I've been learning a bit more about Afro-Cuban music, mostly through a great group/album called Buena Vista Social Club, which was a ground-breaking 90s album introducing many of the pioneers of 20th century Cuban music to the rest of the world.

    On the jazz front, I've really been enjoying a Dexter Gordon album I found at the used CD store - Our Man in Paris. His sense of rhythm on the tenor sax is totally unique and he's a truly tasteful player. Other than that I've been familiarizing myself with some of Miles Davis's earlier recordings, including Cookin' with the Miles Davis Quintet and The Complete Birth of the Cool.

    I usually have something funky in my playlist at all times. On that front, I've been listening to the same stuff for a while now - Herbie Hancock's seminal Head Hunters and Thrust albums, Sly and the Family Stone, Earth, Wind & Fire, Steely Dan.

    I know a lot less about classical music but I am fairly obsessed with Glenn Gould's sick recordings of J. S. Bach's keyboard works and Arturo Benedetti Michelangeli's recordings of Debussy's Preludes for piano.

    My favorite musicians include Sonny Rollins, Herbie Hancock, Keith Jarrett, Ron Carter and Jack DeJohnette. My favorite writers are Wayne Shorter, J. S. Bach and Duke Ellington.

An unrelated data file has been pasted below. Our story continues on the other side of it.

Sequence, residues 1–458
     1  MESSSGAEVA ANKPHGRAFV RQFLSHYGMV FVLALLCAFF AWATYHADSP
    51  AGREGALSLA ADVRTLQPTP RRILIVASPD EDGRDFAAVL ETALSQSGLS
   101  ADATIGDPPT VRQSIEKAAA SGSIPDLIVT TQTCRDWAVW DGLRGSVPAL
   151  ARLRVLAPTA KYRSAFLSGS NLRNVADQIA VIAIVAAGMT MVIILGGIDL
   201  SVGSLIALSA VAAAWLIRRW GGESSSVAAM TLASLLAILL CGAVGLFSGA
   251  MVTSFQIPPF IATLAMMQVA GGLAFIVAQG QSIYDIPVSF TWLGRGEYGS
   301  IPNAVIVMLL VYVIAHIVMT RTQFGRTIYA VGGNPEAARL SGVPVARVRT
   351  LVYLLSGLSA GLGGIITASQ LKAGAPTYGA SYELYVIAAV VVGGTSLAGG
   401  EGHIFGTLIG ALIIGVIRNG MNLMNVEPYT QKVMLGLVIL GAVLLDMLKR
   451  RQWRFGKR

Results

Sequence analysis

I realize this is a radical departure from the music normally discussed here. If y'all don't want me posting about non-metal here, just let me know. But I'd be happy to share some of the stuff I love with you!

    Finally, this is an incredibly badass video (make sure to watch to the very end):

    http://www.youtube.com/watch?v=Q0GxXBBqAcE

    Walri on
    Truly Grim and Frost-Bitten Cooking Thread
    Walri: I made a sandwich and lemonade today, they were both disgusting. I don't know how I do it, I need my mom to get back from vacation so I can make her prepare my food.
    Iconslaughter: That was probably the most metal thing you've ever said.
  • WalriWalri Registered User regular
    edited June 2011
    A couple more great albums I've discovered recently are Andrew Hill's Black Fire and McCoy Tyner's Inception.

    Here are some of my favorite albums: